For many entrepreneurs and aspiring business owners, launching a startup is a dream come true. Each year, an average of 96,580 new businesses are created in Canada, with a total of 68.8 percent of those businesses considered small businesses.
Most new businesses incur startup costs to get off the ground. Without sufficient capital, you may have difficulty procuring real estate and equipment or hiring the staff you need to launch your startup.
Identifying your startup costs gives you a solid foundation to build your new Small Medium Enterprise (SME) upon. Securing your finances before you open also increases the likelihood your business will succeed without running into cash flow issues or requiring unexpected capital.
What are startup costs?
Startup costs are the expenses you incur when starting a new business. They represent what it takes to transition a business from an idea to actually becoming a functional, operating company.
Your startup costs are dictated by multiple factors, including the:
- Type of business you’re opening
- Industry you intend to operate in
- Size of your company
- Equipment, materials, and property you require
To that end, startup costs aren’t one-size-fits-all for all new businesses. The costs you incur to launch your startup will likely differ from those incurred by competitors—or even other businesses in your industry or location.
Why calculate startup costs?
Understanding the unique financial needs of your startup—before you begin—helps you prepare, stay on-target, and mitigate the likelihood you’ll need to incur unplanned debt or make unintended changes to your business plan.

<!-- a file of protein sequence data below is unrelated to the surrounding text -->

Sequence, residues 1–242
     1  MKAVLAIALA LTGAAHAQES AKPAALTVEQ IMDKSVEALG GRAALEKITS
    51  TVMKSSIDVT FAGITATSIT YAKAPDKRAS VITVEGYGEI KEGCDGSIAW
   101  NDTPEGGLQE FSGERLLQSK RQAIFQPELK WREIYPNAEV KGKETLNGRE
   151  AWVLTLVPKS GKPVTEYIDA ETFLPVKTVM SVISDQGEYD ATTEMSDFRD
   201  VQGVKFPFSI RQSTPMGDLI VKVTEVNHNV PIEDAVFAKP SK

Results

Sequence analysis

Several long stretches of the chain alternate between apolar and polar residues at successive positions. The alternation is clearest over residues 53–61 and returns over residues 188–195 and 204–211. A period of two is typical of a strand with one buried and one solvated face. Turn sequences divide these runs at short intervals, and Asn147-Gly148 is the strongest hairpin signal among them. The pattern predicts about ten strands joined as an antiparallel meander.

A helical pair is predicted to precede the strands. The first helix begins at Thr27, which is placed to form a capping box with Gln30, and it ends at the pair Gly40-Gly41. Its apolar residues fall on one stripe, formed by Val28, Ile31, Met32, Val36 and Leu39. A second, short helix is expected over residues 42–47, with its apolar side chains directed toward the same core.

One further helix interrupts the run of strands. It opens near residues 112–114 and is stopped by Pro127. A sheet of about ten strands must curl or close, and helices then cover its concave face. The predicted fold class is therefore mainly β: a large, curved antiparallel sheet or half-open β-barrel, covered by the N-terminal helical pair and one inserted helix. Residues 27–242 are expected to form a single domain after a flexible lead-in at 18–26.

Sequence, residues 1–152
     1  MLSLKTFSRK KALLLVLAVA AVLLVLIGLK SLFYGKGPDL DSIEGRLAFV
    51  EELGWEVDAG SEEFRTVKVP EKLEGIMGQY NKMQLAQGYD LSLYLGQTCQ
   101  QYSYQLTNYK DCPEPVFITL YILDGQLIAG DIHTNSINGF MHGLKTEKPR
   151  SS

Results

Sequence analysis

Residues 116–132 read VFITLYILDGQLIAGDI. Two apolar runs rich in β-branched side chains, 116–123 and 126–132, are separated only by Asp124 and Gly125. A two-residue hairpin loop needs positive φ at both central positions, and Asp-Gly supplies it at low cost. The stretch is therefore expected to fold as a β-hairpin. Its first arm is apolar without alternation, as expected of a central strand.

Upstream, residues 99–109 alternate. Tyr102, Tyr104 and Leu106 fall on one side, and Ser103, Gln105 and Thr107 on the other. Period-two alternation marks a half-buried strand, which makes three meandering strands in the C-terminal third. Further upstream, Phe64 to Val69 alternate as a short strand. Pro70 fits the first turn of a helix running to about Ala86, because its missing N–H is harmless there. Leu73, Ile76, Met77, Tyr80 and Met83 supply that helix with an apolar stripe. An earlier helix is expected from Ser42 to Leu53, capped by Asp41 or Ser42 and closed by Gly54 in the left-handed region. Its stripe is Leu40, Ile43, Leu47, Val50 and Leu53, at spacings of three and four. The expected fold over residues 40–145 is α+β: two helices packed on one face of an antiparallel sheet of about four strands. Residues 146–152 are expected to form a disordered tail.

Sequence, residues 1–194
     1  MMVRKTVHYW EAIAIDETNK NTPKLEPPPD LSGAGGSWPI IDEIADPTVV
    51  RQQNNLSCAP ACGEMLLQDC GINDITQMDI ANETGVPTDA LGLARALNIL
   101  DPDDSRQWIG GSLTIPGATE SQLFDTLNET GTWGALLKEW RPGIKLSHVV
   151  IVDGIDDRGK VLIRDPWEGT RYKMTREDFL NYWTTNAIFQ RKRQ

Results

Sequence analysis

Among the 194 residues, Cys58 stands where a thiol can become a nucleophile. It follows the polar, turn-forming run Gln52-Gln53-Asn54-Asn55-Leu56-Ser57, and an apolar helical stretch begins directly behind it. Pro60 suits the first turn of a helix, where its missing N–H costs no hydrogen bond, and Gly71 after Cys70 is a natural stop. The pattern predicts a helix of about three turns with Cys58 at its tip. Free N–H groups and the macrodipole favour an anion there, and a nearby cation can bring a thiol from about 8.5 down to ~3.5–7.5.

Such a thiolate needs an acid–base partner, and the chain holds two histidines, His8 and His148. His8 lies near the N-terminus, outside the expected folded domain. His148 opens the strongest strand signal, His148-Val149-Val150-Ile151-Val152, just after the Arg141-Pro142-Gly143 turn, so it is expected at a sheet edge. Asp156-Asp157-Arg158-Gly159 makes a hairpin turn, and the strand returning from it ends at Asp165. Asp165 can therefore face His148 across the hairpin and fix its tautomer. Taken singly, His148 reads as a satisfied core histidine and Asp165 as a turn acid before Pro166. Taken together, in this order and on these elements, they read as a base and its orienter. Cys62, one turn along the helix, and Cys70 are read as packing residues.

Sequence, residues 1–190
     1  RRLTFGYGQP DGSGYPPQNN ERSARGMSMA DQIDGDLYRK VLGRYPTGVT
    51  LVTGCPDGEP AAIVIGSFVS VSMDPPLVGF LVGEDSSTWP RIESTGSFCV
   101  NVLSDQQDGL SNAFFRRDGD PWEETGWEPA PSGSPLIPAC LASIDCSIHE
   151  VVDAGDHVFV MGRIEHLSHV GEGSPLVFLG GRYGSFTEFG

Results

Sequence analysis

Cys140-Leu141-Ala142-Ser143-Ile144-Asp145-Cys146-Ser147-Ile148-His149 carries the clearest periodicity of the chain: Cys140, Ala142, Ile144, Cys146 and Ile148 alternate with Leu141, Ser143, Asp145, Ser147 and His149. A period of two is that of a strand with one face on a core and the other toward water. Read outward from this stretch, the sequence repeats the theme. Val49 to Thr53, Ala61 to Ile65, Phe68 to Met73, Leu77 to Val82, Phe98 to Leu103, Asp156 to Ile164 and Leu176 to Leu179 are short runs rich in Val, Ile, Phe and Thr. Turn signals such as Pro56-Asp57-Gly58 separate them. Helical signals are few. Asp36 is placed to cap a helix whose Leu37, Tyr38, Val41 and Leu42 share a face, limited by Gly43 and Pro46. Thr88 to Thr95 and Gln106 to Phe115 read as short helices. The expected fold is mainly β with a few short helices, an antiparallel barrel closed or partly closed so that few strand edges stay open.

In a way, calculating your startup costs is similar to planning for a new car purchase or buying a house. Figuring out your startup expenses provides you with a framework to work from and helps determine if your idea is financially feasible at every stage, from initial conception to grand opening and beyond.
What is the average cost to start a small business?
According to data analyzed by LendingTree:
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- 21 percent of business owners start a business for less than $5,000 USD
- 11.5 percent of business owners incur $5,000 to $9,999 USD in startup costs, and
- 16 percent require $10,000 to $24,999 USD.
However, depending on your industry and specific business needs, startup costs may potentially exceed $3 million USD, though only 0.9% of businesses incurred such significant startup costs.
Additionally, the U.S. Small Business Administration estimates an average startup cost of $3,000 USD for microbusinesses and $2,000 to $5,000 USD for most home-based businesses. While these numbers are based on U.S. data, figures would be similar in terms of spend for Canadian businesses.
Understand what types of costs you’ll have
Business startup costs aren’t all front-loaded at the time you launch your business. Understanding the types of startup costs your business may incur over its lifetime helps you reach and achieve your goals and milestones.